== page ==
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zen problematic: case 6 of the mumonkan, and lineage making

To: alt.zen
From: "Ned Ludd" 
Subject: Re: zen problematic: case 6 of the mumonkan, and lineage making
Date: Thu, 9 May 2002 20:35:19 -0500

rethinking  wrote in message

> Again, MOST of it didn't happen.  Or didn't happen the way the
> books and lore said it happened.  You will have no more chance of
> discrediting Zen than you would of discrediting Christianity or
> Islam, or other sects of Buddhism.  They don't even know the
> LANGUAGE he spoke.  Do you understand this?  Do you understand
> what that implies about making any assertion about what Buddha
> REALLY said, or what really happened during Buddha's life?

> i'm not here to discredit zen, but the opposite.

  You want to discredit lineage.  You mistakenly asserted that
the flower story existed in only the Mumonkan.  You openly
question the 'enlightenment' of some people, yet while denying
lineage, you assert things like "his enlightenment has never been
verified" about Kapleau and S. Suzuki and Richard Baker; you say
that some Zen chants come from Tantra, and you say (horrors!) that
there is no "historical basis" to some koans, and call them a
"manufactured piece of fiction".  So, show us some of the
'opposite' of discrediting Zen.

> although it didn't happen, there are certain other things that
> did, whether we know these or not. one of these is the "creation"
> (for the lack of a better word. creation connotes a single or
> unified effort - i make no such suggetion here) of the pali canon.
> the other is the "creation" of mahayana texts and other extraneuous
> writings.

  This would, imo, be a big mistake.  You have effectively discredited
the validity of lineage (at least continuously from Buddha), and the
historical accuracy of the koans.  To backtrack now, and claim that
Pali is historically accurate, would be gross and false revisionism.

  NOTHING was written down for 100 years after Buddha.  There was a
first council shortly after his death, and the sutras were passed on
orally for a century thereafter.  The idea that Pali has a closer line
on the 'truth' of Buddha is absurd in the face of FIVE GENERATIONS of
oral transmission that occurred after Buddha's death.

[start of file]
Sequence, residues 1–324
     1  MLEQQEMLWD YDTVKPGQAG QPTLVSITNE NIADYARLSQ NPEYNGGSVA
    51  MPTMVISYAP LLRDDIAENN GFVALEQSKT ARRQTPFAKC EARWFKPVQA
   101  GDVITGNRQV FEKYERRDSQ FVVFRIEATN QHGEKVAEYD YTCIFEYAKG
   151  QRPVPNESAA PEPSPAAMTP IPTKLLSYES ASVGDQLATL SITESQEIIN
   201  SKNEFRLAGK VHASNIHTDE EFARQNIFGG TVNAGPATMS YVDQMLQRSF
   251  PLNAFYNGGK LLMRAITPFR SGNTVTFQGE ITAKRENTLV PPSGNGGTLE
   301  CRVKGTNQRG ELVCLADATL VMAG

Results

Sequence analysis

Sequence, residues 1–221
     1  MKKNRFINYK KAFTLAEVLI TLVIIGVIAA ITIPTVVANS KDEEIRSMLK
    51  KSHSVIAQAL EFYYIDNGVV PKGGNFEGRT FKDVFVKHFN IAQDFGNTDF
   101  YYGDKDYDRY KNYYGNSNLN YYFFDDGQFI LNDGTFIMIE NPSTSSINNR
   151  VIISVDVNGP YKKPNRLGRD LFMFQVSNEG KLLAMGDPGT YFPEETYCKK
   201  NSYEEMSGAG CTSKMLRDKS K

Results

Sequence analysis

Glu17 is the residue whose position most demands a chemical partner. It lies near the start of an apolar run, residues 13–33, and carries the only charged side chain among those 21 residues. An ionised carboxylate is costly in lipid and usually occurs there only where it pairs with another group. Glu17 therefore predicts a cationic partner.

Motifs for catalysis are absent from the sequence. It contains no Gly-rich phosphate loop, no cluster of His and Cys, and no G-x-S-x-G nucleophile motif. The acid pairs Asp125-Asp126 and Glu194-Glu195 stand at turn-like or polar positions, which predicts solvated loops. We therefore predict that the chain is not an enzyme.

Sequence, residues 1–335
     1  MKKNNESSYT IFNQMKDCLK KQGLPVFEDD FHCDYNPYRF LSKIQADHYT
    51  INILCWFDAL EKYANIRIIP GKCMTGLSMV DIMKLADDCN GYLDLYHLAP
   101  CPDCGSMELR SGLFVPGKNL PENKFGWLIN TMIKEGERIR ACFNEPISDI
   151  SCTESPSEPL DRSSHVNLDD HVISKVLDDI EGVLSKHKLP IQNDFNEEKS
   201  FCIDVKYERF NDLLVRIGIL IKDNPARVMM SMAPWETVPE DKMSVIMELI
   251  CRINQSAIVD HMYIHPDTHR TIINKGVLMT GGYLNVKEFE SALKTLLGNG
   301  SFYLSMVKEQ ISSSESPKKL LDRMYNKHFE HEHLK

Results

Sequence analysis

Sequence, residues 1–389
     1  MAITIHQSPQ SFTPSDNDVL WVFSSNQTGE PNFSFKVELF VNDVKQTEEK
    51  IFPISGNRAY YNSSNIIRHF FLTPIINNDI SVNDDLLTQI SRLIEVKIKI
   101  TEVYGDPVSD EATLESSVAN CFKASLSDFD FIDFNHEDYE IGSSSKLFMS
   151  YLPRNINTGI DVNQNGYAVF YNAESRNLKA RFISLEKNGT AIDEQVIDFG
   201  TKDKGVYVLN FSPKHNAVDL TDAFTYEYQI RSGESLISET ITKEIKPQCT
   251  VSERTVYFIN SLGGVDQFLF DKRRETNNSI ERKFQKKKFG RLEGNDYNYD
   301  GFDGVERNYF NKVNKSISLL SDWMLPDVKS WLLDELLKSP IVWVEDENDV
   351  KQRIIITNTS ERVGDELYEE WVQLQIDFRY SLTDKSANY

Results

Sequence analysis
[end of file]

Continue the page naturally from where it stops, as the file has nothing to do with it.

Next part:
> if we are to believe the pali sutras are the efforts of the elders
> of  who were closest to buddha,

  No, they were too far away.  They were effectively as far away as
Mahayana, i.e. long after a priesthood had built up.

> then the group decision would bring
> about a body of texts that should be closest (that we can have) of
> what the buddha wanted to say. the buddha did specifically leave
> instructions as to how to verify what he taught, through a process
> of careful scrutiny for something claimed to be taught by him. this
> careful scrutiny ended up becoming the pali and sanskrit sutras in
> the form we know it now. yet there are discrepancies between even
> these two collections.

  You can't get "close to" Buddha through scriptural texts.  Buddha
said to test your beliefs against what you know and your own
experience.  Or do you deny this?

> some kind of judgement must be made as to what we should and
> shouldn't take with a pinch of salt, or even dismiss, using the
> type of scepticism and scrutiny advocated by the buddha. but before
> you say "well, how do we know the buddha said this is the way?", i
> say we don't know, but we do have a whole bunch of evidence we can
> work with.

  Do you really want to know what Buddha said to "take with a pinch
of salt"??  Here is it: "Like stars in the night, a lamp, a phantom,
or dew; Like a bubble, a dream, or lightning in the clouds; So should
we view all the things of the world."

> we are detectives when it comes to this. and that is the best we
> can do. but i don't think total scepticism is healthy or even
> workable. you may end up believing buddhism is a complete
> conspiracy by one person (a kind of big joke) and that nothing
> existed.
> so going back to this evidence, i am not saying "don't read the
> mumonkan", i am saying "inspiring, but don't think it is 'as it
> happened'".

  Yah?  How about the story of Hyakujo's fox being an old dead
priest, and Gutei cutting the boy's finger off, and Nansen killing
the cat, and the girl who had two souls and who existed in two
places at once?

  You shouldn't even bother stumbling on this.

> so going back to the case, i say again, the portrayal of the first
> transmission from master to student is a discourse to affirm, then
> eventually supports the importance of the notion of lineage.
> transmission isn't questioned here, but rather lineage making,
> which has taken on a life of its own, is a necessary part of zen
> now.

  No.  You want to destroy a koan because you want to destroy lineage.
Be honest.  Don't be deceptive.

> in other words, lineage creates the type of barriers which zen says
> it doesn't have, but the truth is it is all important and it sustains
> zen as something distinct from other buddhisms.

  Do you know what Mumonkan means?

> i don't care what the buddha really said; we can never know that
> exactly. however, i do care about what can be relied upon today,
> but don't believe something can be relied upon totally rather
> somethings are worth noting and others need scrutinization.

  Picking and choosing is a great disease.  Do you really think Zen
preaches the dharma of picking and choosing?


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